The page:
Submission guidelines

Submission deadline for conference proposals : November 1st 2017

Please send a short CV (2500 characters maximum, including spaces and punctuation), outlining your conference proposal, the theoretical framework, empirical supports and key findings, before November 1st 2017. Please upload your CV, preferably in French (or Spanish or English), to the SciencesConf platform. You will need to create an account to access this platform:

https://www.sciencesconf.org/user/createaccount

Once connected to the JIST site, http://jist2018.sciencesconf.org, you will be able to post your abstract (Dépôts/Déposer un résumé) by copying your text in the box provided for that purpose. If you need help the site includes a section called « Aide au dépôt des résumés » in the section « Calendrier ».

The Scientific Committee will give an answer on December 15th, 2017.

The final paper should not exceed 6400 words (or 40000 characters, including spaces and punctuation) and must be uploaded on the platform before may 1st, 2018.

Scientific Committee

  • Anne-Marie Arborio, Maître de conférences en sociologie, Aix-Marseille Université / LEST, France.
  • Régine Bercot, Professeur de sociologie, Université Paris 8 / GTM-CRESPPA, France.
  • Marie Buscatto, Professeure de sociologie, Université Paris 1 Panthéon Sorbonne / IDHES, France.
  • Céline Cholez, Maître de conférences en sociologie, INP de Grenoble / PACTE, France.
  • Sylvie Contrepois, Chercheure contractuelle, GTM-Cresppa, France.
  • Lise Demailly, Professeur de sociologie, Université Lille / CLERSE,  France.
  • Didier Demazière, Directeur de recherche CNRS, Sciences-Po Paris / CSO, France.
  • Pierre Desmarez, Professeur de sociologie, Université Libre de Bruxelles / METICES, Belgique.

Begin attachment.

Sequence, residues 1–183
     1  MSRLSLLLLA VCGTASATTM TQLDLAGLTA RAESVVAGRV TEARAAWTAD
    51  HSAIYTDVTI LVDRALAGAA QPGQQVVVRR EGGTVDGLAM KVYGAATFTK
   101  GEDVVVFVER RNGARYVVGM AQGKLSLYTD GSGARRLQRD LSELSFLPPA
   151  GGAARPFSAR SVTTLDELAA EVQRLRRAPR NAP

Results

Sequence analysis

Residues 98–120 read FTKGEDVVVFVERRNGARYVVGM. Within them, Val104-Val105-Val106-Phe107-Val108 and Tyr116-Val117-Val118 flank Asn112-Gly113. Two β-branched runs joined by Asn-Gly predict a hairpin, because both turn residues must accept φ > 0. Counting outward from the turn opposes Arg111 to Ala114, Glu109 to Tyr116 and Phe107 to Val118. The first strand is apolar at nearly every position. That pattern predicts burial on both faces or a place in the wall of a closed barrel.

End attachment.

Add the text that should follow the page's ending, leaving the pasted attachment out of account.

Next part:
• Michèle Dupré, Chercheure, Centre Max Weber, ISH Lyon
  • Camille Dupuy, Maître de conférences en sociologie, Université de Rouen / DySoLab, France.
  • Marie-Anne Dujarier, Professeure de sociologie, Université Paris 7 - LCSP, France.
  • Jean-Pierre Durand, Professeur de sociologie, Université d’Evry / Centre Pierre Naville, France.
  • Duncan Gallie, Professor of Sociology, Nuffield College, University of Oxford, Royaume-Uni.
  • Lionel Jacquot, Professeur de sociologie, Université de Nancy / 2L2S, France.
  • Annie Lamanthe, Professeur de  sociologie, Aix-Marseille Université / LEST, France.
  • Michele La Rosa, Professeur de sociologie,  Università di Bologna, C.I.Do.S.Pe.L, Italie.
  • Nicky Le Feuvre, Professeur de sociologie, Université de Lausanne / CEG, Suisse.
  • Léa Lima, Maître de conférences en sociologie, CNAM, Lise, France.
  • Danièle Linhart, Directrice de Recherche CNRS, GTM-CRESPPA, France.
  • Esteban Martinez, Professeur de sociologie, Université Libre de Bruxelles / METICES, Belgique.
  • Arnaud Mias, Professeur de  sociologie, Université Paris Dauphine / Irisso, France.
  • Sylvie Monchatre, Maîtresse de conférences en sociologie, Université de Strasbourg / SAGE, France.
  • Séverin Muller, Maître de conférences en sociologie, Université Lille  / Clerse, France.
  • Georgia Pétraki, Associate Professor en sociologie, Panteion University
  • Sophie Pochic, Chargée de recherche CNRS, CMH-PRO, France.
  • François Sarfati, Maître de conférences en sociologie, CNAM, Lise, France.
  • Maud Simonet, Chargée de recherche CNRS, Université Paris Ouest-Nanterre La Défense / IDHES, France.
  • Marcelle Stroobants, Professeure de sociologie, Université Libre de Bruxelles / METICES, Belgique.
  • Jens Thoemmes, Directeur de recherches CNRS, CERTOP,  France.

Organization Committee (UMR 3320, Cnam-Cnrs)

  • Fabienne Berton
  • Camille Boullier
  • Marie-Christine Bureau
  • Quentin Chapus
  • Anne Gillet
  • Olivier Giraud
  • Aurélie Gonnet
  • Michel Lallement
  • Pierre Lénel
  • Léa Lima
  • Zaëra Mariaux
  • Murielle Matus
  • Malgorzata Patok
  • Frédéric Rey
  • Ferrucio Ricciardi
  • François Sarfati
  • Jules Simha
  • Claire Vivès

Subjects

Places

  • CNAM
    Paris, France (75)

Date(s)

  • Wednesday, November 01, 2017

Attached files

Keywords

  • travail, conflit, mobilisation, relation professionnelle

Contact(s)

  • François Sarfati
    courriel : francois [dot] sarfati [at] lecnam [dot] net
  • Claire Vivés
    courriel : claire [dot] vives [at] lecnam [dot] net

Information source

  • Claire Vivés
    courriel : claire [dot] vives [at] lecnam [dot] net

To cite this announcement

« Fighting at work: resistances, conflicts and collective actions », Call for papers, Calenda, Published on Friday, September 29, 2017, http://calenda.org/416575